Note: I’ll announce this in class on Tuesday, but, if you need more time on the annotated bibliography, you can turn it in as late as the Thursday of Spring Break (April 25).

On the reviews and interviews

  1. What concepts, frameworks, and key terms do the interviews and reviews reveal as relevant to any critical consideration of Corral’s writing?
  2. What references—biographical, literary, or historical—do these text expose?
  3. How is the review different from the interview in terms of the content it covers?
  4. What poems from Slow Lightning emerge as especially important in these readings?

 On Eric Hayot’s The Elements of Academic Style

  1. How should you arrange your examples in your paper? How many major examples would you anticipate having in a seminar paper of 18 to 20 pages?
  2. What is the form of figural language is that is best suited to academic prose?
  3. What are the functions of a footnote? How does a footnote point “us to paths untrodden and unchosen” (176)?
  4. What does Hayot mean when he says he is “anti-anti-jargon” (178)?
  5. What are some techniques for growing your lexicon?
  6. What are some reasons for using parentheticals?
  7. Which instances of “I” should be edited out of your final essay?
  8. Where should the more important information in a sentence appear? The less?
  9. What is phatic language? What is its relation to speed?
  10. What is weight, and how do you add it to your writing?


On Matthew Zapruder’s Why Poetry

Chapter 6: The One Thing That Can Save America

  1. What does it mean for the poem to ask for “ a different kind of attention” (79)?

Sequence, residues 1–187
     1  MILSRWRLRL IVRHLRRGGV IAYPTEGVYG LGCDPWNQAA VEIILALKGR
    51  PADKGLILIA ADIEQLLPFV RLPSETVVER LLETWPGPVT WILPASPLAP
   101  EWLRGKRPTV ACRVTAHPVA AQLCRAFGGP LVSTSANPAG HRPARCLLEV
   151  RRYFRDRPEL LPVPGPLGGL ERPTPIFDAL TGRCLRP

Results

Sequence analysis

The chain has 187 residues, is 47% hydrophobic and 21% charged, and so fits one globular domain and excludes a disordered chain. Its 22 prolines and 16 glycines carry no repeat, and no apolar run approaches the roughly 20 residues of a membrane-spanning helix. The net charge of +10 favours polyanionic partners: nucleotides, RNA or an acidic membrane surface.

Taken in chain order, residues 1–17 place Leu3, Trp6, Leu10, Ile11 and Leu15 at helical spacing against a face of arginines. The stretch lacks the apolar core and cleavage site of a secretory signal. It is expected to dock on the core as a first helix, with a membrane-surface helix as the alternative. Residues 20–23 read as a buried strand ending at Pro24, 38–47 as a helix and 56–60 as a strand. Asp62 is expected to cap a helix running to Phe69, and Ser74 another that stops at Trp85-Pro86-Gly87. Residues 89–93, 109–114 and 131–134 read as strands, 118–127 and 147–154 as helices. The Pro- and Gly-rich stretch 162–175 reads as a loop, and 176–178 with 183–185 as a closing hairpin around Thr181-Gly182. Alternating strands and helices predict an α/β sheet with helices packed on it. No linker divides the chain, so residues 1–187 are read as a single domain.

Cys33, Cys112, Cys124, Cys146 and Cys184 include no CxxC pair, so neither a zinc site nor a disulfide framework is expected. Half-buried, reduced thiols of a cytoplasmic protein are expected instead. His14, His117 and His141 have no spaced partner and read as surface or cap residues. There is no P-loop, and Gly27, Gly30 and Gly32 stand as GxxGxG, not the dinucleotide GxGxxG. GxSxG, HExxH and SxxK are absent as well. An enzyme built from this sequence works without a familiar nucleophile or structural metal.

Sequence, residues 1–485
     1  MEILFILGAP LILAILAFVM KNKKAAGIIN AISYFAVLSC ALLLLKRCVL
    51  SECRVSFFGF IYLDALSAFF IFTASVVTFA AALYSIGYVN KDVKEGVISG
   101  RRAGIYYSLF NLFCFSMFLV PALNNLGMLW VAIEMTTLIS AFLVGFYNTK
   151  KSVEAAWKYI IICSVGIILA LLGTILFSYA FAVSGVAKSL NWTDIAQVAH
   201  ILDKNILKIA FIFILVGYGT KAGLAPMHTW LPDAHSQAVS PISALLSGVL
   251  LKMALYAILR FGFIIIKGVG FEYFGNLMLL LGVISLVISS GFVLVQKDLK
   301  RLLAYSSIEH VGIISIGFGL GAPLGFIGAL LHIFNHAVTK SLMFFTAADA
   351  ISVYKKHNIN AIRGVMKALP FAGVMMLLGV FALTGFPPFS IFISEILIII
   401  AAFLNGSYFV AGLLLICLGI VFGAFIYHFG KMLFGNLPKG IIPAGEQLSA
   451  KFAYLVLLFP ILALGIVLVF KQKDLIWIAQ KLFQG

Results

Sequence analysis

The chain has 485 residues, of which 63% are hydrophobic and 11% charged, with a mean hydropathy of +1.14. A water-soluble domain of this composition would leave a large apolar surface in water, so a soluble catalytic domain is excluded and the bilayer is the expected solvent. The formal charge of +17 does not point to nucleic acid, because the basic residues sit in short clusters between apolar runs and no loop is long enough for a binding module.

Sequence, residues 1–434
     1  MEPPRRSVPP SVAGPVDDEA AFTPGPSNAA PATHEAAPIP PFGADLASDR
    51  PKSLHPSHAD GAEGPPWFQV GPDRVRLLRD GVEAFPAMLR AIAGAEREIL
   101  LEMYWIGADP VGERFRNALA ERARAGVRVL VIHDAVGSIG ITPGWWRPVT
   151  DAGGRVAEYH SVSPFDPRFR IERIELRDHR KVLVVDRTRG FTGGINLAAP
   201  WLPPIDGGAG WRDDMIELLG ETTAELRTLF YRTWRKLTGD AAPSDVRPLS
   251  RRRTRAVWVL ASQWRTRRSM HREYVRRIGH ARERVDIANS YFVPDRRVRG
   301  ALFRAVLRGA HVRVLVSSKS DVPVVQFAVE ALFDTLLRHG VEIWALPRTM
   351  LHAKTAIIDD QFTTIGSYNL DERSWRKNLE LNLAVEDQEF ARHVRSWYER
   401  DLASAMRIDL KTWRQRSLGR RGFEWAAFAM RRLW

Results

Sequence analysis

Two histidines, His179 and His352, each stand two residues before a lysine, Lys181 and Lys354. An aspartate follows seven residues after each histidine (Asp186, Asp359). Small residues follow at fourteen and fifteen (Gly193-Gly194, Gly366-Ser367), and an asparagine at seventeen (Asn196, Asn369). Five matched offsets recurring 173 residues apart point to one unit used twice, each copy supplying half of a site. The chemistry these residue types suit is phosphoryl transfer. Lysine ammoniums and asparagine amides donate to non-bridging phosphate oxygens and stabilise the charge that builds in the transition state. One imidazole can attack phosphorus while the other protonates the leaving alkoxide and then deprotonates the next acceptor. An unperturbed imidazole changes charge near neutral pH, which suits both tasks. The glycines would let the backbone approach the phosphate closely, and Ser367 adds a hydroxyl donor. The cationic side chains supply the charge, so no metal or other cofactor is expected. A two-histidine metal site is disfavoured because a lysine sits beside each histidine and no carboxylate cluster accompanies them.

2. How does Wallace Stevens’s commentary on the “pressure of the real” force Zapruder to reevaluate the utility of poetry?
  3. What does Zapruder mean when he calls America a “negative capability” country?
  4. In his discussion of Ashberry and of Stevens’s definition of nobility (95-96), what role does poetry have in negotiating the borders and tensions between the private and the public?
  5. What is the “good news” of poetry?

Chapter 8: Three Political Poems

  1. Zapruder mentions Keats’s “negative capability” twice in the chapter (117, 125). What is negative capability and how does it connect to the political poem?
  2. What does good political poetry do?
  3. What does it mean for a poet to put his “queer shoulder to the wheel”?
  4. Which of Corral’s poems seem the most “political” in the senses that Zapruder describes?

Afterword: Poetry and Poets in a Time of Crisis

  1. What is the Wallace Stevens’s argument about poetry’s use in “The Noble Rider and the Sound of Words”? What two ways does Zapruder see poetry responding to the “pressure of the real”?
  2. Zapruder claims that poetry does not comfort us or tell us what to think. What does it offer us instead?
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Study Questions for 4/9

On Jonathan Culler’s “Language, Meaning, and Interpretation”

  1. Culler identifies three levels of meaning: meaning of the work, of an utterance, and of a text. What differentiates these levels?
  2. What does it mean to say that language is a system of differences? How do poems exploit this aspect of language?
  3. How does language determine what can be thought?
  4. What is the difference between langue and parole? Between poetics and hermeneutics?
  5. What is literary competence and how do you get it?
  6. Culler notes that intention, text, context, and reader each determine meaning. What are the limitations of each of these categories?
  7. What is the intentional fallacy?
  8. What does Culler mean when he says that “meaning is context-bound, but context is boundless” (something he repeats on page 67 ff)?
  9. What is the difference betweens a hermeneutics of recovery and a hermeneutics of suspicion? What does it mean to read “symptomatically”?

On Jonathan Culler’s “Rhetoric, Poetics, and Poetry”

  1. What is the difference between poetics and rhetoric?
  2. What the four master tropes? What is a trope?
  3. What different questions do we ask if we think of a poem as an event rather than a text?
  4. What are the sublime, apostrophe, personification, and prosopoeia.?